In Rabbinic literature this principle is known as lifnim mishurat hadin (לפנים משורת הדין), lit. "beyond the line of the law". See [7] for elaboration, and Hashkafa for general discussion. Additional to its practical implications, the idea is foundational in the formulation of the various sub-philosophies of Orthodox Judaism. Cases where the principle is commonly applied are:[7] returning lost property; sharing a load; damage compensation; limits of competition in business.

Its best known philosophic formulation is by both Rashi and Nachmanides in their respective Torah commentaries.[8] Commenting on Deuteronomy 6.18 “And you shall do that which is right and good in the eyes of God.” They ask "what new instructions does this verse add"? Surely, doing what is “right and good” is already a part of the numerous injunctions already presented there. Both understand this verse to denote a level of behavior that is above the letter of the law.

Although celibacy is generally defined as a sin in Judaism, with no stated exceptions within Reform Judaism, Reform Judaism teaches that the cultural mandate is no longer necessary, so procreation between Jews within this sect of Judaism may be viewed as supererogatory acts.

In law and moral philosophy[edit]

Whether an act is supererogatory or obligatory can be debated. In many schools of thought, donating money to charity is supererogatory. In other schools of thought that regard some level of charitable donation to be duty (such as with the tithe in Judaism, zakat in Islam, and similar standards in many Christian sects), only exceeding a certain level of donation (e.g. going above the common 2.5%-of-capital-assets standard in zakat) would count as supererogatory.

In criminal law, it may be observed that state prohibitions on killing, stealing, and so on derive from the state's duty to protect one's own citizens. However, a nation state has no duty to protect the citizens of an adjacent nation from crime. To send a peacekeeping force into another country would be — in the view of the nation doing it — supererogatory.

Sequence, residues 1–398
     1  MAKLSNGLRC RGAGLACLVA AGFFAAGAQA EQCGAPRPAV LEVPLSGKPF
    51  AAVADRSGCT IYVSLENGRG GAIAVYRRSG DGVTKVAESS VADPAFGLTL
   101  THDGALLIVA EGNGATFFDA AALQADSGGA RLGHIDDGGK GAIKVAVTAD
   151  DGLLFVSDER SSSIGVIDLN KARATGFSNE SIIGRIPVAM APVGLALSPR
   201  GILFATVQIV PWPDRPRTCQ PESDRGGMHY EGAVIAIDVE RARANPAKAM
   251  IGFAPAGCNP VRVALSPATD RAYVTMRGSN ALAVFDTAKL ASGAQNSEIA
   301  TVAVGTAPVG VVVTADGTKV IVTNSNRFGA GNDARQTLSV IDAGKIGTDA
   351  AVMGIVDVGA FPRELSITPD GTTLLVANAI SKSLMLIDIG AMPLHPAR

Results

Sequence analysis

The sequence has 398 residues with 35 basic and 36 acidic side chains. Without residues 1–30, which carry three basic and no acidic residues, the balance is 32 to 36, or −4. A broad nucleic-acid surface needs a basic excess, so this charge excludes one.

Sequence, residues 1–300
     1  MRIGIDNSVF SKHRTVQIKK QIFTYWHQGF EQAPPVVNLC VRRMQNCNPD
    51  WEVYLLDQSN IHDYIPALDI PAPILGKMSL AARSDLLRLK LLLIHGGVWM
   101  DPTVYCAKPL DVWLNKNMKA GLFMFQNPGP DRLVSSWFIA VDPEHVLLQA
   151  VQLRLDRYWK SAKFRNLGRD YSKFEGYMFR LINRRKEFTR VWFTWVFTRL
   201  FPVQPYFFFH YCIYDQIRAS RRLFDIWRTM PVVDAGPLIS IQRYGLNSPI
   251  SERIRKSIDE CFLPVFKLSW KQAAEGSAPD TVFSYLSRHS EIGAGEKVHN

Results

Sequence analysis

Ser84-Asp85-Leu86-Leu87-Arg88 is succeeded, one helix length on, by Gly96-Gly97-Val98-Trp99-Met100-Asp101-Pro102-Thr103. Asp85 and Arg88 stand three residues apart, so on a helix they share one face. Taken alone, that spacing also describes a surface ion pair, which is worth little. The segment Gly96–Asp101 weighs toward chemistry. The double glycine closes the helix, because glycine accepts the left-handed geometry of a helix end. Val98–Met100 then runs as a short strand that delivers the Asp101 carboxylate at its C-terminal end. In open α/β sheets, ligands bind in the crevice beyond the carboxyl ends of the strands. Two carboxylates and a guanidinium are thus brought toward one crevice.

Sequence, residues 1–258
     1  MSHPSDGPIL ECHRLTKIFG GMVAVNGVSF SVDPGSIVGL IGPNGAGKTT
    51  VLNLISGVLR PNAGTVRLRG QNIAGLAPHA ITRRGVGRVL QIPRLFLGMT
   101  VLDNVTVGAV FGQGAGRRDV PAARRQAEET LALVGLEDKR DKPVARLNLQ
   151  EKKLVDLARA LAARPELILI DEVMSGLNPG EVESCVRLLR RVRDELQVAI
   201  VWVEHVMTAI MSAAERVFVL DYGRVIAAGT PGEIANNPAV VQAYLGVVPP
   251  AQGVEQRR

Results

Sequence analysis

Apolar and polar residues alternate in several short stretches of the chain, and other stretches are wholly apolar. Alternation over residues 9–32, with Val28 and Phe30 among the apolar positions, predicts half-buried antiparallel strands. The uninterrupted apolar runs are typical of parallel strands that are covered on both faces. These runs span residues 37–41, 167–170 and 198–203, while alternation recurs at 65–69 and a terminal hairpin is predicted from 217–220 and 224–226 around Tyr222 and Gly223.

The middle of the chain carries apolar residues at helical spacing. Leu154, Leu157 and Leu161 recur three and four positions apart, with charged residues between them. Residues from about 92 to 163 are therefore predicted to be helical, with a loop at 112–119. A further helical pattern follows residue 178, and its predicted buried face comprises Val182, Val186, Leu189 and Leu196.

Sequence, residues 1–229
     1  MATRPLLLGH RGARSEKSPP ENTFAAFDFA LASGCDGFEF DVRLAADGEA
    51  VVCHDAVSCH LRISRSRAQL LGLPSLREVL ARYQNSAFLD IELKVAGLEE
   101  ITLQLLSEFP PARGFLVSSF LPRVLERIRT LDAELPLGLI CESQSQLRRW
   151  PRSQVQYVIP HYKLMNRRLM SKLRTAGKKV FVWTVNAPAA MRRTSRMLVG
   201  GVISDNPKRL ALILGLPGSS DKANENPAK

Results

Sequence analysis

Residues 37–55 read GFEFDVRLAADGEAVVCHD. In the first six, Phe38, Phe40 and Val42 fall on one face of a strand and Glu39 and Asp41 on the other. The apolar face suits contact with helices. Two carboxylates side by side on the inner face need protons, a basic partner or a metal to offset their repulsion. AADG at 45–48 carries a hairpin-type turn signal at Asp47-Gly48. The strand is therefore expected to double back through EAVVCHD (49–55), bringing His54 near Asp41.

Some schools of moral philosophy do not include supererogatory acts.[9] In utilitarianism, an act can only be better because it would bring more good to a greater number, and in that case it becomes a duty, not a supererogatory act. The lack of a notion of supererogation in utilitarianism and related schools leads to the demandingness objection, arguing that these schools are too ethically demanding, requiring unreasonable acts.


  1. ^ a b Chisholm, Hugh, ed. (1911). "Supererogation" . Encyclopædia Britannica. Vol. 26 (11th ed.). Cambridge University Press. p. 111.
  2. ^ Driver, Julia (1992-09-01). "The suberogatory". Australasian Journal of Philosophy. 70 (3): 286–295. doi:10.1080/00048409212345181. ISSN 0004-8402.
  3. ^ Heyd, David (2019), "Supererogation", in Zalta, Edward N. (ed.), The Stanford Encyclopedia of Philosophy (Winter 2019 ed.), Metaphysics Research Lab, Stanford University, retrieved 2021-07-07
  4. ^ Book of Common Prayer (ECUSA)/Historical Documents of the Church/Articles of Religion. XIV. Of Works of Supererogation.
  5. ^ The Methodist Articles of Religion/Doctrinal Standards of The United Methodist Church/Articles of Religion. XI. Of Works of Supererogation.
  6. ^ ZAROUG, ABDULLAHI HASSAN (1985). "The Concept of Permission, Supererogatory Acts and Aseticism [sic] in Islamic Jurisprudence". Islamic Studies. 24 (2): 167–180. ISSN 0578-8072. JSTOR 20847307.
  7. ^ a b Rabbi Y. Pfeffer Lifnim MiShuras HaDin: Crossing the Line of the Law
  8. ^ Rabbi D. Movsas. Beyond The Letter Of The Law
  9. ^ Urmson, J. O. (1958) “Saints and Heroes,” in A. I. Melden (ed.) Essays in Moral Philosophy. Seattle: University of Washington Press, pp. 198–216.